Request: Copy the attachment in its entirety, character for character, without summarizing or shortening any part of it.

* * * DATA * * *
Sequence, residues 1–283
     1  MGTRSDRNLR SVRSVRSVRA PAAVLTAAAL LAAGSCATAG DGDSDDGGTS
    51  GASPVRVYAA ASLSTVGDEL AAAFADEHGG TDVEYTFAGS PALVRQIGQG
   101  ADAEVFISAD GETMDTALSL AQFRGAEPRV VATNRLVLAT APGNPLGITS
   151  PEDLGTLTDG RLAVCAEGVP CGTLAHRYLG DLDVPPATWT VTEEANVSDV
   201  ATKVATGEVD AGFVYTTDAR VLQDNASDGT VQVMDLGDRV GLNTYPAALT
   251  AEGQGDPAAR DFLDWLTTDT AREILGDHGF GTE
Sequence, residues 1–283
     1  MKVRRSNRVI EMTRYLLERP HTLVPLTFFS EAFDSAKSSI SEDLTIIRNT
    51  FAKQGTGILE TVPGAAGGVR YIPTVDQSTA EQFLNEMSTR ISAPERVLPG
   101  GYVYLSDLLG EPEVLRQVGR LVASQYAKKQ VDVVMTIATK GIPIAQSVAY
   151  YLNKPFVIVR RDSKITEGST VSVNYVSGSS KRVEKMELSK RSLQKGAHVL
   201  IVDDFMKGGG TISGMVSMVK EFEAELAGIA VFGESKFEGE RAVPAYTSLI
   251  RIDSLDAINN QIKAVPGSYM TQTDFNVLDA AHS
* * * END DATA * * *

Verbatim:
Sequence, residues 1–283
     1  MGTRSDRNLR SVRSVRSVRA PAAVLTAAAL LAAGSCATAG DGDSDDGGTS
    51  GASPVRVYAA ASLSTVGDEL AAAFADEHGG TDVEYTFAGS PALVRQIGQG
   101  ADAEVFISAD GETMDTALSL AQFRGAEPRV VATNRLVLAT APGNPLGITS
   151  PEDLGTLTDG RLAVCAEGVP CGTLAHRYLG DLDVPPATWT VTEEANVSDV
   201  ATKVATGEVD AGFVYTTDAR VLQDNASDGT VQVMDLGDRV GLNTYPAALT
   251  AEGQGDPAAR DFLDWLTTDT AREILGDHGF GTE
Sequence, residues 1–283
     1  MKVRRSNRVI EMTRYLLERP HTLVPLTFFS EAFDSAKSSI SEDLTIIRNT
    51  FAKQGTGILE TVPGAAGGVR YIPTVDQSTA EQFLNEMSTR ISAPERVLPG
   101  GYVYLSDLLG EPEVLRQVGR LVASQYAKKQ VDVVMTIATK GIPIAQSVAY
   151  YLNKPFVIVR RDSKITEGST VSVNYVSGSS KRVEKMELSK RSLQKGAHVL
   201  IVDDFMKGGG TISGMVSMVK EFEAELAGIA VFGESKFEGE RAVPAYTSLI
   251  RIDSLDAINN QIKAVPGSYM TQTDFNVLDA AHS